I think this book is also for those who have labelled themselves feminists in the wake of “successful” mainstream celebrities claiming the title. This book is straightforward and easy to read, but it is rigorous. It comes from a woman who has a background in feminist theory, history and activism. She knows it is not just about “equality,” whatever that means. She will have no watered-down feminism. Her feminism is radical and intersectional because she sees that we cannot have a feminist vision without the destruction of the white supremacist capitalist patriarchy. Hardly something these celebrities, who have profited from such a system, will ascribe to. She reminds us that feminism should be unpalatable, because it wants to disrupt the status quo. But in this short book, she also reminds us that we need it.
“As all advocates of feminist politics know, most people do not understand sexism, or if they do, they think it is not a problem. Masses of people think that feminism is always and only about women seeking to be equal to men. And a huge majority of these folks think feminism is anti-male. Their misunderstanding of feminist politics reflects the reality that most folks learn about feminism from patriarchal mass media. The feminism they hear about the most is portrayed by women who are primarily committed to gender equality – equal pay for equal work, and sometimes women and men sharing household chores and parenting. They see that these women are usually white and materially privileged.”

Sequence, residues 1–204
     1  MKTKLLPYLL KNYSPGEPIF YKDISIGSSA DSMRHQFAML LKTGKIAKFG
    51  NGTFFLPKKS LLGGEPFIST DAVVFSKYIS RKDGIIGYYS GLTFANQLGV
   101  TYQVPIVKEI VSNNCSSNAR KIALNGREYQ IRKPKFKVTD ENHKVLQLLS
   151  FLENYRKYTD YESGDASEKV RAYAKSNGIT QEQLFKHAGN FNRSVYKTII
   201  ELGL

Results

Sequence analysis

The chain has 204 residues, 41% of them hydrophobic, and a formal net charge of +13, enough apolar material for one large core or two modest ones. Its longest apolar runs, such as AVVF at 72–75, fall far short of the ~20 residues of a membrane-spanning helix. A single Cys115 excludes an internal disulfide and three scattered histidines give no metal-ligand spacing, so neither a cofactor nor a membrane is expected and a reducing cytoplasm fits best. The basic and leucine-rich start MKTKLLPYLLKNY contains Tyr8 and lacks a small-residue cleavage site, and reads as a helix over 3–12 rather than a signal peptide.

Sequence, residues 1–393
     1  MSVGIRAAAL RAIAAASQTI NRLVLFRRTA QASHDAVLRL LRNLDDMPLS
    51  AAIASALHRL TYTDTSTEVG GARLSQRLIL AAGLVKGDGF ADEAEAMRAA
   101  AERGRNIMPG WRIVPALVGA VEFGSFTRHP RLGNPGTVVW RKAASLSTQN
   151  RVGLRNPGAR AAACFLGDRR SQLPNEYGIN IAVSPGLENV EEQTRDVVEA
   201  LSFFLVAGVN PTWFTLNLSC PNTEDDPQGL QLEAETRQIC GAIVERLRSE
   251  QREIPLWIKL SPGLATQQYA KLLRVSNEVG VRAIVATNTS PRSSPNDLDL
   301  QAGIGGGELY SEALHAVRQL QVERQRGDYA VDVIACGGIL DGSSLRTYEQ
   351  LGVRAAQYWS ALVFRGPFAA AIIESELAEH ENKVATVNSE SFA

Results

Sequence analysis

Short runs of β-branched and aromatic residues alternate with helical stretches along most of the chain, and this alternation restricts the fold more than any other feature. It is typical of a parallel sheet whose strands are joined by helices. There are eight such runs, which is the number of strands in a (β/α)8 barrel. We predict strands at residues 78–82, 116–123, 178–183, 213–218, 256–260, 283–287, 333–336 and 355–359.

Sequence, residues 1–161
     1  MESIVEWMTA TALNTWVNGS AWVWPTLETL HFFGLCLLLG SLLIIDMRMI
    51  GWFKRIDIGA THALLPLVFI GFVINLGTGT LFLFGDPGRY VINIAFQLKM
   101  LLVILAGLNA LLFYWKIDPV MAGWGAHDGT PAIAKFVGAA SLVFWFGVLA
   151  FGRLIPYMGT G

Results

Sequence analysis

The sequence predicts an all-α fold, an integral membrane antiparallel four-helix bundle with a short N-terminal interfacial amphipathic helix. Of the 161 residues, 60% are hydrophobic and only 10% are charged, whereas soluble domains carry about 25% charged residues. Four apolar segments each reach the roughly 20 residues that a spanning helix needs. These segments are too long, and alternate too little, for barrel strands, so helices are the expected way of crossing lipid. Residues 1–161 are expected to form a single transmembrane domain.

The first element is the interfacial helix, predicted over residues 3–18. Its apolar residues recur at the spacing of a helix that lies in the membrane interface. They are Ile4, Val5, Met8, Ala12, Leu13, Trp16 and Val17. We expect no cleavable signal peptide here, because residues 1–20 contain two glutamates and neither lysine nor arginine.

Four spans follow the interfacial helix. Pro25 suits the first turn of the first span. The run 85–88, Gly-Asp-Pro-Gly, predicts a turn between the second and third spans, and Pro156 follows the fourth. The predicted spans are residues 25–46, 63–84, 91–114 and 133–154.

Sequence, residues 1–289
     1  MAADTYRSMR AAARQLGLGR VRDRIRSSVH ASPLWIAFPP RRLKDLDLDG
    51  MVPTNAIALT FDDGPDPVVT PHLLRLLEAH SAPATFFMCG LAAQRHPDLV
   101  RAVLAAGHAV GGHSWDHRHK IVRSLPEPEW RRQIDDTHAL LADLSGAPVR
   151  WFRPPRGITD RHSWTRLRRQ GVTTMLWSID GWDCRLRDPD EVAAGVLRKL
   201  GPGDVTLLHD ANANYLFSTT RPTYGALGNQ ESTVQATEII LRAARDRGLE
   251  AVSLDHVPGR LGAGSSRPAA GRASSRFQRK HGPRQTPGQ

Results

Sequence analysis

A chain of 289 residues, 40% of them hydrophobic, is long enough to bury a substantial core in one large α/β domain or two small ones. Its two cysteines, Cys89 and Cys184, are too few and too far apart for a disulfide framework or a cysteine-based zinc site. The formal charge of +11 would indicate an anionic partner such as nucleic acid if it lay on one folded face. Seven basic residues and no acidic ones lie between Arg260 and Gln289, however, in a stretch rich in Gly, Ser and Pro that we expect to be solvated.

This is a kind of feminism that can fit into patriarchy. Economic power can become more “equal” so women can participate fully in capitalism without ever thinking deeply about gender, heteronormativity or race.
Recently, Australia’s Foreign Affairs Minister, Julie Bishop, when asked if she was a feminist, replied “I don’t find the need to self-describe in that way…It’s not a term that I find particularly useful these days.”